Scrivener

This is the second of at least three parts dealing with the writing program, Scrivener, created by the team at Literature & Latte.

In my last post, I discussed creating a project and the general layout of the project interface. This time I’m going to explain how the program helps to create the dreaded synopsis, and inspired me to flesh out another book that was lacking.

Our Current Test Project

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I’ve taken the liberty of adding a couple of things to our project — namely data to the first text document and a main character description. In this image you see the Binder, two text windows in the word processor (vertically split) and the Inspector.

My active window is the manuscript, not the character data, so the Inspector shows that information. If I wanted to see any additional notes on the character, I’d simply click on that window.

As I stated in my last post, the Inspector is invaluable when creating a synopsis of your novel. If you look at the toolbar, you’ll see a section called “View Mode.”

scrivener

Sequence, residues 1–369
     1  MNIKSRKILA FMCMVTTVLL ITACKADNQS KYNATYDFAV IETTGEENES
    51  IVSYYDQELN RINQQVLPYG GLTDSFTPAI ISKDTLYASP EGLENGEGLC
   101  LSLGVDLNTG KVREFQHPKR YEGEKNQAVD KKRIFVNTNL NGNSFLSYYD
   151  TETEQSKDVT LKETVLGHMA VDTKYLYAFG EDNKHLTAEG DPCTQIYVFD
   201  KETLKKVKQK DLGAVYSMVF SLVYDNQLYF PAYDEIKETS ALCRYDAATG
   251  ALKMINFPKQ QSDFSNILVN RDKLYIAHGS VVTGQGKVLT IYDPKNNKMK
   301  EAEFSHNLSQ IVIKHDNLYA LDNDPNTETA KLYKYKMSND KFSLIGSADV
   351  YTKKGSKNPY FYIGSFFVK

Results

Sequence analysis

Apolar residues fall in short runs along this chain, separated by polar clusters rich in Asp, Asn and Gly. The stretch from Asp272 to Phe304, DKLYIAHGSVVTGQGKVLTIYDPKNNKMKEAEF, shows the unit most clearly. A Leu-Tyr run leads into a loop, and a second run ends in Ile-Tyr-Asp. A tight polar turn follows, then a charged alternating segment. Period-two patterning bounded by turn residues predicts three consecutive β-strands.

As you can see by the image, the document icon has a dark background. Simply enough, you’re looking at the document itself in the word processor, each text document of your project with all the writing within. If you click the center icon, the bulletin board, you get this:

Corkboard

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Each scene is now an index card on a corkboard. You can click and drag them about as you like, use the settings to add or delete cards, or the options (bottom right corner) to change size, font size, how many cards across, etc.

(Another way is the View -> Corkboard Options dropdown menu.) The colors in the corner of each card are the Label colors located in your Inspector.

For those authors who prefer the Post-It Note version of outlining, this is perfect!

(And do you see the Project Notes where the Inspector is? You can put general notes there if it’s your desire. Then go to the Project -> Project Notes dropdown menu. A separate window pops up! I had no idea! I’m learning new things all the time with this thing!)

Outline View

Next we go to the tool bar and click on the far right icon of the View Mode, giving us the Outline View:

scrivener

This feature saved my butt when it came time for me to create a synopsis for Bella Books! The idea of paring a ninety thousand word manuscript down to just seven hundred fifty words seemed impossible to me. Even the threat of cleaning the bathroom toilet couldn’t get me to fire up the word processor for months…

To be fair, with this feature the original synopsis for The Strange Path ended up being fifteen hundred words. I still had to go in to cut and refine like crazy, but I at least had a distillation of the entire manuscript at hand. It was much easier than staring at a 90k monstrosity.

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